Gradually, Ames developed a reputation as a local expert. The Pemberton real estate market is unique and can be complicated. There are many aspects to selling rural real estate and knowledge of the Agricultural Land Act, Dyking District and local rules and regulations are important to facilitate a smooth transaction. Ames also became more and more involved in the community, and has been instrumental in Pemberton’s growth. She is a Chamber of Commerce director, president of The Rotary Club, a town councillor, a former day care board member and last year’s Citizen of the Year. When asked what her hobby is – how she spends her free time – Ames laughs. “Free time? I don’t have any free time,” she says. “My hobby is doing things for town. It’s what I enjoy doing. I love being a part of Pemberton. I don’t consider it work.”
She’s completely sincere. Ames is a woman of action and energy who is known for her ability to get things done. After the Indonesian tsunami in 2005, she spearheaded a bottle drive that raised over $10,000 in a single day. Recently, she worked with the Rotary Club to have a derelict tract of land beside the Pemberton ambulance station transformed into a beautifully landscaped green space. Last summer, she raised money and gathered local volunteer tradespeople to erect a 14-foot Inukshuk beside the Visitors’ Info Centre to provide a welcoming icon, a focal point, and a place for people to stop and have their photos taken with the mountain backdrop.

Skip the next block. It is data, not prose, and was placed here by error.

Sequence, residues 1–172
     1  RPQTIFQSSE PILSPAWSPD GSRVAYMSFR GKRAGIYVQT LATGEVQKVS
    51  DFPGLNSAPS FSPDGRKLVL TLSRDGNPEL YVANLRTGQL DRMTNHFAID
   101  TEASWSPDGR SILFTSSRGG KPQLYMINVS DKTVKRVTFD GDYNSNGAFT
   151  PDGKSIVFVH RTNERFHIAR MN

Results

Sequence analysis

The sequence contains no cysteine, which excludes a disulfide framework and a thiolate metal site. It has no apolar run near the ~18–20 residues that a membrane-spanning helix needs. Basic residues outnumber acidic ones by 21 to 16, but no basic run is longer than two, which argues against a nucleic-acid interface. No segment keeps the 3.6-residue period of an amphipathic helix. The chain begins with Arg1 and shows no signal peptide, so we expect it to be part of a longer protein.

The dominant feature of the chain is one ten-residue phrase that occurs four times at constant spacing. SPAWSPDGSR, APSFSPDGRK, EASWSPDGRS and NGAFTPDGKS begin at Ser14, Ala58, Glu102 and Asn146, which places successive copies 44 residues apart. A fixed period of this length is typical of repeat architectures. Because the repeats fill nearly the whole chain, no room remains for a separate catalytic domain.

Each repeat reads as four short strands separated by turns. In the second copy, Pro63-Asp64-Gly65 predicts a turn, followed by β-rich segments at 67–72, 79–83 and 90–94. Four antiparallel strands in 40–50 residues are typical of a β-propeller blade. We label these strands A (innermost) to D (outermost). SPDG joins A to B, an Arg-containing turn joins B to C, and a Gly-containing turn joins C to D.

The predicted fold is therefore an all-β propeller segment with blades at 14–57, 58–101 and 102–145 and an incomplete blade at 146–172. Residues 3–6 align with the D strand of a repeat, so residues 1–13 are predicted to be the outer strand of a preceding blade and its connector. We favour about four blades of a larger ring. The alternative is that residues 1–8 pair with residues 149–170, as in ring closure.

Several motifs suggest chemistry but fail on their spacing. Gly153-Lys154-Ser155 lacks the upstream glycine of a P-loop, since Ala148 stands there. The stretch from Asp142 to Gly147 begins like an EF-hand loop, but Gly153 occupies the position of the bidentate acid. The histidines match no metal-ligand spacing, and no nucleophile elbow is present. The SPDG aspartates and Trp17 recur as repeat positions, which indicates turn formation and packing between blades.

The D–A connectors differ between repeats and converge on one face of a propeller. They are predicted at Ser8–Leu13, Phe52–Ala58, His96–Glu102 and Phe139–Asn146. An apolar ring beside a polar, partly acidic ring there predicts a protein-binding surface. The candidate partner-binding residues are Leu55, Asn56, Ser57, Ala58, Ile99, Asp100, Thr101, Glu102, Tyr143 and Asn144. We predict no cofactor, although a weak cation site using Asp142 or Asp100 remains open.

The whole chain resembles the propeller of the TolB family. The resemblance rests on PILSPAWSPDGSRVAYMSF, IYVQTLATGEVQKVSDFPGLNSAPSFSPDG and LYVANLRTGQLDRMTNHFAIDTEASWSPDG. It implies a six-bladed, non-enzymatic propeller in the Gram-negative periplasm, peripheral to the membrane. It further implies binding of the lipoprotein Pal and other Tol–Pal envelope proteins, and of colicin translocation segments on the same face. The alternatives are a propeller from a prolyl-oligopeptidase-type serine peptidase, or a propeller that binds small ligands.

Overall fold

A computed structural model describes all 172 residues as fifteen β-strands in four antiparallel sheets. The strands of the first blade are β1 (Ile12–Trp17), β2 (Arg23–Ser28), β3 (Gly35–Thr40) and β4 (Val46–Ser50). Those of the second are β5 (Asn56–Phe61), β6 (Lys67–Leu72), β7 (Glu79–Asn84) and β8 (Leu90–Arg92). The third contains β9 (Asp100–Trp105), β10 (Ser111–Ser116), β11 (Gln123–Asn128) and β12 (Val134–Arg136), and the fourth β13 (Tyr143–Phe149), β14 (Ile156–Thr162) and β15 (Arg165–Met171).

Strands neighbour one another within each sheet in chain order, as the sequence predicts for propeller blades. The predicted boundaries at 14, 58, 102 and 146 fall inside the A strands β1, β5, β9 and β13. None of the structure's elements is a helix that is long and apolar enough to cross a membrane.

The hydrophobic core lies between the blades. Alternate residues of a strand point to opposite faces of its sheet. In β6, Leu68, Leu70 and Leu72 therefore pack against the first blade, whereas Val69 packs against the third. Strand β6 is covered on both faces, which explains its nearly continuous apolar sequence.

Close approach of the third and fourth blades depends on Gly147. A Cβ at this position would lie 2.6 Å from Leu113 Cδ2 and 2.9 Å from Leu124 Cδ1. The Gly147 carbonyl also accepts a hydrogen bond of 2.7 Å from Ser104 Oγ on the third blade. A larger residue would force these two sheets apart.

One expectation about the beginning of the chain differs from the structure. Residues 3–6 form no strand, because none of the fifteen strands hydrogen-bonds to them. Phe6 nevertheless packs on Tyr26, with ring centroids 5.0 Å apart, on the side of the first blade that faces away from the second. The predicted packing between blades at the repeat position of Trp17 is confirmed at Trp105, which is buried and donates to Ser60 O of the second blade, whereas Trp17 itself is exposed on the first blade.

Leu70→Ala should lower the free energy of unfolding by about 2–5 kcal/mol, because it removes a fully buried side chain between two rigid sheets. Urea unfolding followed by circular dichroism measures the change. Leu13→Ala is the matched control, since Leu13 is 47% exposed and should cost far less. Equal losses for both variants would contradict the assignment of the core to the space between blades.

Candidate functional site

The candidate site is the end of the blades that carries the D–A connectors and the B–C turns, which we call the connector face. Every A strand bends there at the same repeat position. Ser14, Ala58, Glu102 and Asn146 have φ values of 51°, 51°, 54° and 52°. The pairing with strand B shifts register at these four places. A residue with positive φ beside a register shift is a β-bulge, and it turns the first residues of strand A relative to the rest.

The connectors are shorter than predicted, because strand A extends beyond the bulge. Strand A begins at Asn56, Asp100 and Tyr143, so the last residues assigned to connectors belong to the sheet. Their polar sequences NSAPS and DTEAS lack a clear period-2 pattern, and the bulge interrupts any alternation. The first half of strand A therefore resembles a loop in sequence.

Ames is confident that Pemberton will make it through the current economic turmoil with few scars. While house prices have fallen 20 to 30 per cent on average throughout B.C. during the past year and 10 to 20 per cent in Whistler, Pemberton prices have not taken such a hit, falling on average only three to 10 per cent. Ames says this is because “many of our buyers are buying for personal use. It’s not second or third homes or recreational property. Here, we’re seeing a lot of the first-time buyers taking advantage of the low interest rates.”
She says that exposure from the Olympics will bolster the local real estate market even more, but she’s hesitant to make specific predictions.
“People always ask me the ‘Olympic question.’ I tell them ‘I do not have a crystal ball.’” However, her company researched similar communities near Salt Lake City when the Games were held there. They found that “although nothing really happens during the games in terms of real estate transactions, there is huge media exposure. We will see our boom maybe six months or so after. (The Olympics) give the exposure that creates the interest that brings the buyers.”
To help increase that exposure and interest, Ames is currently working with the Pemberton Chamber of Commerce Spirit Committee to ensure locals are engaged and involved next February. The committee is planning to show Olympic events on a giant screen at the community centre, plus perhaps hold barn dances and other events to attract people to town and to give locals a way to plug in to the energy of the Games.
Whether it’s an international tourist on a side-trip during their Olympic visit or a house-hunter looking for a small, friendly town, Ames works hard to make them feel welcome.
“I always tell people ‘You’ll love it here’,” says Ames with a smile. “I’ve never had that one backfire on me.”
Photo by Toshi Kawano